by Sharon Ervin

My private pilot’s license was brand new when a friend crashed in a forest in southeastern Oklahoma. Searchers on foot and horseback tracked the weak signal from the plane’s transponder to locate her. Critically injured, she died leaving a husband and three young daughters.

Weeks later, a commercial pilot crashed a small plane, again into heavy woods. The transponder’s signal was weak, then gone. The search lasted days before the wreckage was located and the bodies of the pilot and our congressman’s two teenaged children recovered.

Those incidents prompted much grief long before they stimulated book ideas.

I wondered if tiny devices similar to those airplane transponders might be in our future.
AFTERMATH, my eighth published novel, began there.

Of course, such devices are now available in dog collars, children’s jewelry, and even implanted. Our heroine’s interest preceded that technology.

In AFTERMATH, Anna Fulenweider, a gutsy newspaper reporter, was investigating the development of an ingenious family of personal tracking devices when she vanished. Design engineer Joe Marsh, five hundred miles way, had done telephone interviews with Ann and had even sent her a prototype of his device. When he learned she was missing, Joe activated a satellite tracer on the prototype in her purse, enabling local law enforcement to precipitate her rescue. The book begins six weeks after Anna is recovered, cowed and dispirited by her ordeal, and refusing to talk about it with anyone.

The local plane crashes rocked our community and me, personally. Eventually, however, their significance produced many scenes and plots and characters.

In a writers’ workshop one time, the lecturer suggested we write our worst nightmares.

One amazing writer in our local critique group complained that her ideas had dried up. The next meeting, I brought a couple of news articles, one entitled
Wife for a Weekend. That was the one we selected as a group assignment. Poets, novelists, essayists, romance writers would all write something on the topic for our next meeting, in two weeks.

The “dry member” wrote an excellent, macabre short story of a bride who endured her first weekend of marriage on a cruise ship, then took action. The author is a lovely lady who normally writes light, entertaining commentaries like Erma Bombeck. When she finished reading her assigned piece, we were stunned to silence. It was sweet Mary Shelley creating Frankenstein all over again.

True to the assigned theme, another writer penned a whimsical poem, another did a confession, another a story of a military wife allowed only one weekend of marriage before deployment, etc.

That week I wrote the first three chapters of WEEKEND WIFE, my fourth published novel.

I do not believe in writer’s block or being “dry.” Writers have a responsibility to bolster one another. We all know little methods to get another off high center. Sharing is good.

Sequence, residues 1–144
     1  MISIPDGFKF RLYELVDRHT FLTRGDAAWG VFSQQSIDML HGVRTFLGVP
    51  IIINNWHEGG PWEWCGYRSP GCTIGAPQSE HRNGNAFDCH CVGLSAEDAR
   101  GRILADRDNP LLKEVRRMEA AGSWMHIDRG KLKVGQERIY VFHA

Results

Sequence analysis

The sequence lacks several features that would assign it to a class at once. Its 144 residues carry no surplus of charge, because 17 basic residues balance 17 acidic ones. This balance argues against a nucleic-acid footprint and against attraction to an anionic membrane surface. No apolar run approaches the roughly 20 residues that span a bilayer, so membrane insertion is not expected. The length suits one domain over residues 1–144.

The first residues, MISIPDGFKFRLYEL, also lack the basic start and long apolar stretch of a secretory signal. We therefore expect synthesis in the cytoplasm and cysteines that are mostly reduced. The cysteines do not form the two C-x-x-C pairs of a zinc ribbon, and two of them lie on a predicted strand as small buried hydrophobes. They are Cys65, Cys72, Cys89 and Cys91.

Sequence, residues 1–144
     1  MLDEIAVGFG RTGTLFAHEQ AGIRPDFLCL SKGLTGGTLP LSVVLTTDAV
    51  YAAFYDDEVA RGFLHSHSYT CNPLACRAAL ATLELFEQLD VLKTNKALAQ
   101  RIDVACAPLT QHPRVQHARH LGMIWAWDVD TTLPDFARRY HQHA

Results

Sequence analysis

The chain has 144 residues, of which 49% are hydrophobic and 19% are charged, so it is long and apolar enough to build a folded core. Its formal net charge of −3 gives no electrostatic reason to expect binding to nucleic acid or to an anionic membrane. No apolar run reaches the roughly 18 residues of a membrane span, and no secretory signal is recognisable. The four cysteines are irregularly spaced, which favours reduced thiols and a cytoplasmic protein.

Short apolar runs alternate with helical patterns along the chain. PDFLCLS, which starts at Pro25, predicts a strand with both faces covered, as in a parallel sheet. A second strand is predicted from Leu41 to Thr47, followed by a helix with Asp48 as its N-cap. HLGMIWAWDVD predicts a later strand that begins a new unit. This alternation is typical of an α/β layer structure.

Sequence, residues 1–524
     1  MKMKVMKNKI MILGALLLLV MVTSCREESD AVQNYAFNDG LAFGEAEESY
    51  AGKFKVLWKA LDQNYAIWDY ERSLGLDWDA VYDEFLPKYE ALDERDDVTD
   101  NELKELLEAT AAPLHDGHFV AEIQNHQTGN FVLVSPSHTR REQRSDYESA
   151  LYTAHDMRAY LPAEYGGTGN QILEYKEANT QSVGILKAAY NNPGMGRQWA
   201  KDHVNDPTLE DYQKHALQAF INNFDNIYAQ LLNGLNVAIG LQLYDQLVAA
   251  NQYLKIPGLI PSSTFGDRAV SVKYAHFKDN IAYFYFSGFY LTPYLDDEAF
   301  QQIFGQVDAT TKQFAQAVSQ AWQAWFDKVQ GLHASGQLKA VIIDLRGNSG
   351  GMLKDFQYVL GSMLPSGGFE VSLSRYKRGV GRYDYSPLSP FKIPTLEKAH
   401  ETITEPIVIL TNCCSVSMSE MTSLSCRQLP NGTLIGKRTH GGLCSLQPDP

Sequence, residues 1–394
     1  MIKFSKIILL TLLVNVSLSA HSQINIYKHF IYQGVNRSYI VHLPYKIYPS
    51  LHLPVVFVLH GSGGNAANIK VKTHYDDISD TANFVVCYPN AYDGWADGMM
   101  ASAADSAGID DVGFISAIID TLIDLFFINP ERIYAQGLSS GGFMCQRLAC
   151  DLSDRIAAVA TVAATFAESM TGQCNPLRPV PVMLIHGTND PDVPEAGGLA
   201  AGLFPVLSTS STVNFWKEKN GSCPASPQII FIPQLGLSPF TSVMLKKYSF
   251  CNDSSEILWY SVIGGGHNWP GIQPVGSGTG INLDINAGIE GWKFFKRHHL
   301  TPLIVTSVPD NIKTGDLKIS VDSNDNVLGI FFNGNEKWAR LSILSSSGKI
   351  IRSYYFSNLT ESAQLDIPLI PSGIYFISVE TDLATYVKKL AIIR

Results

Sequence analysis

Sooner born, Sharon Ervin has a degree in journalism from the University of Oklahoma. Once a newspaper reporter, she now works in her husband and son’s law office half-days, gleaning material for her nine published novels. She is married to McAlester, Oklahoma attorney Bill Ervin and has four grown children.

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4RV Publishing said…
I find that when I can't find the words to write or type, that I don't have "writer's block," I just need to process something mentally. I step away from the manuscript and do something else while my mind mulls over my project.

Jean Henry Mead said…
Excellent article, Sharon. Journalism training helps tremendously when it comes to "dry spells." You simply sit down and write--no matter what. I also read over the previous chapter when I sit down in the morning to edit and that propels me into the next chaptepr.
Mary Martinez said…
I never believed in writer's block. I always thought it was a excuse. Then last year I had some very large life crisis's and I had writers block. My muse was gone, no matter what I did I couldn't even process a thought to write a sentence. I gave myself permission to step away and heal my life, get myself to a better place. And the writing came back.
Vivian, Jean, and Mary, thank you so much for visiting.

Marja McGraw said…
Terrific blog, Sharon! I have to step away when I feel blocked and think about something else, and then something will just slap me in the face. It never fails.

Interesting topic.

I had a bit of trouble with the formatting of this blog, but it's such a good topic, I don't think it mattered.

Anonymous said…
I'm with Vivian. Sometimes I just get up and walk around, or step outside for a breath of fresh (hot) air. Sometimes I sleep or nap on it. Sometimes I get up and load the dishwasher or cook something. It's a change of pace, a change of focus and it usually works. I have quit giving myself deadlines.

Pat Browning
Jackie King said…
Good article, Sharon. A writer's imagination is a wonderful thing when given permission to bloom.
Anne K. Albert said…
Sharing IS good! Thank you, Sharon and Marilyn for another great post.
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